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Should SMSFs be allowed to borrow?

An irresistible combination of four massive numbers is causing a headache for financial regulators but a gold mine for many financial advisers and real estate agents: $4 trillion in residential housing, $1.9 trillion in superannuation, $600 billion in SMSFs and one million trustees. And Australians love property.

Reigning in the grab for a piece of this action is rightly in the sights of David Murray’s Financial System Inquiry, which has an entire section on superannuation borrowing: “This Inquiry shares the Super System Review Panel’s view that leverage should not be a core focus of SMSFs — or any superannuation fund — and is inconsistent with Australia’s retirement income policy.”

Financial adviser responsibility

The first priority for any financial adviser meeting a new client should be an explanation of investment risk. Only by determining risk appetite can a portfolio be constructed. Those who start with fund or property selection have the wrong foundation.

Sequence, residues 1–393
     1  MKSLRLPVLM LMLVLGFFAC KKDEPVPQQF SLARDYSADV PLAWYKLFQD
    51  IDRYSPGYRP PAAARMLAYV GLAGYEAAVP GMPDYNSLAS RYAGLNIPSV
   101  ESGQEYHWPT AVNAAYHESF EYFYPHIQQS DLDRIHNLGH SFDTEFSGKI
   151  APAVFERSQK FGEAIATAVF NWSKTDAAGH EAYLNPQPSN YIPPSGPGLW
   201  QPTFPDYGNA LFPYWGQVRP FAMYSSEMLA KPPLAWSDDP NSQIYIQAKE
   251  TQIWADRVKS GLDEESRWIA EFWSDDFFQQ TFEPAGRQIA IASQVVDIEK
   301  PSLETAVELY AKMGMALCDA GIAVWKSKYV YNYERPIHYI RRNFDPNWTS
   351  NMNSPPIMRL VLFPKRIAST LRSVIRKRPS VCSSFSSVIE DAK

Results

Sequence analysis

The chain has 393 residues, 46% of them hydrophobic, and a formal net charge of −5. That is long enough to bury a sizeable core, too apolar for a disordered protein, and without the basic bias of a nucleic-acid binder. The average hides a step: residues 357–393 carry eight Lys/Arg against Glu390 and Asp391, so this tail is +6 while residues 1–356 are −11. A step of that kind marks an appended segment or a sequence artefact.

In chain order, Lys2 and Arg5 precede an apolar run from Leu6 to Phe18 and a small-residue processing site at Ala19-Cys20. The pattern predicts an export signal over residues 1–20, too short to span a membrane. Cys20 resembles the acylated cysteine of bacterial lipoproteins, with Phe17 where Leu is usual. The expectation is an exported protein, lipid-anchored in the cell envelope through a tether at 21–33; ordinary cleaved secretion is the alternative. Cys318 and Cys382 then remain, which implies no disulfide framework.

The risk discussion must be in terms the client can understand. It’s not volatility or standard deviations, but the risk of losing money. For example, the client must realise that over a typical 10-year period, the sharemarket will deliver negative returns in two or three years.

This is where problems with borrowing start, especially for superannuation and SMSFs. The sole purpose of superannuation, and the reason it is given favourable tax treatment, is to fund a retirement, and to do this, it must generate income.

These are the two main issues when a SMSF buys a residential property: risk and cash outflows.

Risk profile